Event Reports

How can climate-smart technologies be implemented in agriculture?

On 27th February the African Centre for Trade and Development (ACTADE) and the Konrad-Adenauer-Stiftung (KAS) hosted a panel discussion on climate-smart technologies for Uganda’s agricultural sector. Representatives from governmental institutions, the private sector and farmers as well as scientists attended the event and debated intensively on how solutions can be implemented and how new technologies can be accessible and affordable for smallholder farmers.

The Executive Director of ACFODE, Susan Nanduddu, opened the event and highlighted that climate change is already affecting the agricultural sector, which is very significant for many Ugandans. Almost 75 Percent of the whole population is employed in agricultural work, as Mrs. Nanduddu stated: “Every one of you has a relative, who fully depends on agriculture.” Furthermore, she emphasized the need to implement new technologies as fast as possible.

Before the discussion started, Muhammad Semambo of the Climate Change Department (CCD), presented the National Adaptation Programme of the Ugandan government. He mentioned the promotion of climate resilience trough using innovative, drought resistant crops and sustainable resource management, as two of the main objectives. Especially, the need to improve irrigation and water storage methods were identified as very urging.

Constance Okollet, a peasant farmer from Tororo, gave an honest hands-on report on the situation of farmers in rural areas. She told that a few years ago she grew food for her family and sold the surplus – now the weather would be so bad, so that crops are dying because of droughts or floods: “The effects of climate change are already visible. We sleep hungry.” Mrs. Okollet further described the water supply: “My well dried completely. I have to go long ways to fetch water.”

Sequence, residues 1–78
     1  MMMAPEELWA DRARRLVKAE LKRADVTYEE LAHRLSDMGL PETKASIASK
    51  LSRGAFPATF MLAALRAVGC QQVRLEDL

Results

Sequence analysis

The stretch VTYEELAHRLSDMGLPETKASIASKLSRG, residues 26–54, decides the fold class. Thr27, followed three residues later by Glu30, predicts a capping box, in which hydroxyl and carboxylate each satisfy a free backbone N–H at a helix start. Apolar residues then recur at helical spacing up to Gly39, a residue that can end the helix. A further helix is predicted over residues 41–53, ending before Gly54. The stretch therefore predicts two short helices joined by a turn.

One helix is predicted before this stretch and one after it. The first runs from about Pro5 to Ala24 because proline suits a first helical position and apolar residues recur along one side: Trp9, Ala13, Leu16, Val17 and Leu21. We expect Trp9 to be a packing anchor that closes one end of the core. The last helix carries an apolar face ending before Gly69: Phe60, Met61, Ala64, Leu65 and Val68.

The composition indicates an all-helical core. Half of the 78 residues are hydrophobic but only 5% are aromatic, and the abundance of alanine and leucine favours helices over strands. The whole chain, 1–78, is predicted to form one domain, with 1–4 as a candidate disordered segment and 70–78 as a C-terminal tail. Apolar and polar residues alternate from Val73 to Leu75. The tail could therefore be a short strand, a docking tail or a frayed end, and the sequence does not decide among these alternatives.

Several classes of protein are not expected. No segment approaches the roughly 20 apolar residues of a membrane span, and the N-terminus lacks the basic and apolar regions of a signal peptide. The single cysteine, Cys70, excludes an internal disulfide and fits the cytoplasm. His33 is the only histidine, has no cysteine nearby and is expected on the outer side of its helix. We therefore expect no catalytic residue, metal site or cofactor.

Paul Isabriye, Director at the Uganda National Metrology Authority (UNMA), reacted to these local insights by promoting the enhancement of existing information channels for farmers. The UNMA provides a daily weather forecast and translates it into 45 local languages. But Mr. Isabryie also acknowledged that the accessibility of these information has to be improved, since most farmers do not have internet access. Musa Mutyaba of the National Union of Coffee Agribusinesses and Farm Enterprises (NUCAFE) proposed that UNMA should use the existing structures of farmer associations to bring the information to the farmers.

Moreover, Mr. Mutyaba pointed out that farmers often lack basic knowledge about sustainable agriculture, land and water management and efficient energy use. Therefore, he proposed that farmers have to be educated to enable the efficient and right use of new technologies. One of these new technologies are drones, which can be used to capture information about the soil and its water requirements.

During the following discussion different stakeholders gave enlightening insights into their personal expertise. For example, a water engineer clarified the necessity to improve irrigation through careful planning before planting any plants. Many participants highlighted that new innovations are great, but that those must be accessible and affordable for smallholder farmers.

Everyone agreed that heavy investments, political will and a huge increase of stakeholder collaboration is needed to overcome the existing constraints of poverty. The fruitful discussion and the intense networking afterwards served as a great kickoff to fill the gap between vision and reality.

written by Valentin Penczek